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Recent polling of millennials had some pretty surprising results when it came to how they viewed gun control, showing they are less likely to support stricter gun laws than people over 30.

An Gallup poll conducted in October of last year showed 50% of 18-29-year-olds in support of stricter gun laws. Comparatively, the poll showed gun control support from 57% of those ages 30-49, 56% among those 50-64, and 55% among those 65 and older.

According to Gallup Poll Editor-in-Chief Frank Newport, “Millennials are … less interested in gun control than those who are older, so the data suggests it’s unlike a number of other attitudes say like, gay marriage where young people are much more liberal. We did not see that in our data on guns.”

NBC News talked with millennials on both sides of the gun control debate.

“I never want to be in that situation again,” 24-year-old Ryan Bradley said, who said four years ago, a man pointed a gun at him and called him a “white devil.” “Luckily, he didn’t shoot me but I can guarantee you if there was any gun laws on the books he would probably still have his gun.”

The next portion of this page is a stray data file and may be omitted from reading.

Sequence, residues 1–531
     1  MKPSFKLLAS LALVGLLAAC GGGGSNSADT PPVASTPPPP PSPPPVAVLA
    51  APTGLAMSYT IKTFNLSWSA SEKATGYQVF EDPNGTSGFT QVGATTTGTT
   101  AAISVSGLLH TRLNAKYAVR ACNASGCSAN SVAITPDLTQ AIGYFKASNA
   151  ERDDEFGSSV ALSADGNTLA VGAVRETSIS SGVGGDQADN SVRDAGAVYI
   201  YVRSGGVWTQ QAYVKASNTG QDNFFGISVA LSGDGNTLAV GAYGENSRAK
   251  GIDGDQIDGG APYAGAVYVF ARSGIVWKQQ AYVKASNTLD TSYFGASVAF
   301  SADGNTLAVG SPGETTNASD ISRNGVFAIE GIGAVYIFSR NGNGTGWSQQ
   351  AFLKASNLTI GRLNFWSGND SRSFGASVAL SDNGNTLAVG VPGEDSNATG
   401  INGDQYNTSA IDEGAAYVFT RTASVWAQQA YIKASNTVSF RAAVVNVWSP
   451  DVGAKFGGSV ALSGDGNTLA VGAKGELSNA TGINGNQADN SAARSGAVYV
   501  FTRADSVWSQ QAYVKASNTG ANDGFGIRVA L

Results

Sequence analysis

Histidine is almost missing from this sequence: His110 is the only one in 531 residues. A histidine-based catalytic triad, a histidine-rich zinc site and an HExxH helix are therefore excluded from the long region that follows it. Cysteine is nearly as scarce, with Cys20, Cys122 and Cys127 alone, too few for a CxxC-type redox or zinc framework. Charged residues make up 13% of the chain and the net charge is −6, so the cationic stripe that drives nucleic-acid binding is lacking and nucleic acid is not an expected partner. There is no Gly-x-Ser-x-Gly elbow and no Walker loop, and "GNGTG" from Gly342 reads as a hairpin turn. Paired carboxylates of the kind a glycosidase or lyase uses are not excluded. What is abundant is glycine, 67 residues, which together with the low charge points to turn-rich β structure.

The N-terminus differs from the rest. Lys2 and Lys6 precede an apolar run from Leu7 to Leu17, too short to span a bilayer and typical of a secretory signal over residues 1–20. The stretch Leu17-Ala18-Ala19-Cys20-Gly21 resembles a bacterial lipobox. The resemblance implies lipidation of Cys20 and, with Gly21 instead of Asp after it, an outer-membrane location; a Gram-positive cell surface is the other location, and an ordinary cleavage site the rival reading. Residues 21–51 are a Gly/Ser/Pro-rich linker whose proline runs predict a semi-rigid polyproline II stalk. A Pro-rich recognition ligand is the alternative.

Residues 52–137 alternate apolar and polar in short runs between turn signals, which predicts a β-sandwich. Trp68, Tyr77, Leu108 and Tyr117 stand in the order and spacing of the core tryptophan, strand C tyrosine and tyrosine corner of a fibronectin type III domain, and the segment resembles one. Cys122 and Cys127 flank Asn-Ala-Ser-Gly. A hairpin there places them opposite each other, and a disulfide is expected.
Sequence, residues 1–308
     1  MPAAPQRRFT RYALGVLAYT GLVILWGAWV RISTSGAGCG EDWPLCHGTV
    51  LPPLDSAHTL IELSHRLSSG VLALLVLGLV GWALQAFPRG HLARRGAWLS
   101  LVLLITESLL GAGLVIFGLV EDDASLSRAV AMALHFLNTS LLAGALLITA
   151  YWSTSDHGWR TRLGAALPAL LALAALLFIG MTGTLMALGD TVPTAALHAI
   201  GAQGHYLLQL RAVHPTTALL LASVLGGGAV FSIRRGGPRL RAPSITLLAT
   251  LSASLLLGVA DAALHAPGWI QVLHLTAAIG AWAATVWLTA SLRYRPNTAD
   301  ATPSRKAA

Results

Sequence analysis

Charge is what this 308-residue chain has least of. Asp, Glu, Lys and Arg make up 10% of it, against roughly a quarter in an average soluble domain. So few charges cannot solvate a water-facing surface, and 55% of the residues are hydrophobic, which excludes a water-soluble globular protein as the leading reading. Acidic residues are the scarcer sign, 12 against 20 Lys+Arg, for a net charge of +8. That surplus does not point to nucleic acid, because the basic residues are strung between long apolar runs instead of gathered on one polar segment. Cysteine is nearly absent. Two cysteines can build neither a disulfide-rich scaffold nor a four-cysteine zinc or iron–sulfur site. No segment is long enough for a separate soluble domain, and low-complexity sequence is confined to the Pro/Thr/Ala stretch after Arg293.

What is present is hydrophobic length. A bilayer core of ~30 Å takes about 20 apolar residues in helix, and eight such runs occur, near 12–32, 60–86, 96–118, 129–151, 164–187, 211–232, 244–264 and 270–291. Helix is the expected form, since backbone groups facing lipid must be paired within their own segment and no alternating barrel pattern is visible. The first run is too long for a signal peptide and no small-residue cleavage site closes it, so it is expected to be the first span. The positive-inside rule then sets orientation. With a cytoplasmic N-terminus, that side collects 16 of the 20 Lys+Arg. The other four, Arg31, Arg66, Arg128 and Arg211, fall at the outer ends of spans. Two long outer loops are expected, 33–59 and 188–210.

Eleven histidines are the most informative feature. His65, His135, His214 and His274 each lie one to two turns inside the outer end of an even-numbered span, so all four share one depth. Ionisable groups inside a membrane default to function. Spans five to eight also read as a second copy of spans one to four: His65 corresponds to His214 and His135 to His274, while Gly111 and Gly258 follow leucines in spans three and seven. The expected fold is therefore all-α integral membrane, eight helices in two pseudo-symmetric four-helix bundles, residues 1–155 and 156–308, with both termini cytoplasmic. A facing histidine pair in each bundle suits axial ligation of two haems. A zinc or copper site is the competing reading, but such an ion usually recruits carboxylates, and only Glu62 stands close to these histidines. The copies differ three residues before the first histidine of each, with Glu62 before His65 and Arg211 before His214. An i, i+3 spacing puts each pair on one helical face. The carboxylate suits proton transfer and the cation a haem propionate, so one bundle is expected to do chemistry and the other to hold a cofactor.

“I became an accidental activist, and realized that the only way I would be able to move forward from what happened was if I transformed my pain into positive action,” said 20-year-old Sarah Clements. She became a gun control activist after her mother survived the Sandy Hook Elementary shooting in 2012.

“We as gun reform activists need to continuously say we support the Second Amendment — we are not trying to do away with it or ‘take away all the guns.’ That said, I do not believe it gives us the right to own a gun anytime, by anyone, and to be taken anywhere,” Clements clarified.

Bradley, who works as a grassroots field representative for the National Rifle Association, says before he has a civil debate with gun control proponents, he’d like to take them to a gun range and have them shoot if they’ve never done it so they can experience what the debate is really about.

“We’re talking about a fundamental right, we’re talking about the Second Amendment which is a guaranteed right to self-defense,” Bradley said. “Feelings don’t belong. I don’t think that somebody should be using derogatory language to somebody but they have the First Amendment right to do so and nobody’s talking about taking that First Amendment right away. So I think that gun control supporters need to bring something more to the table than just feelings.”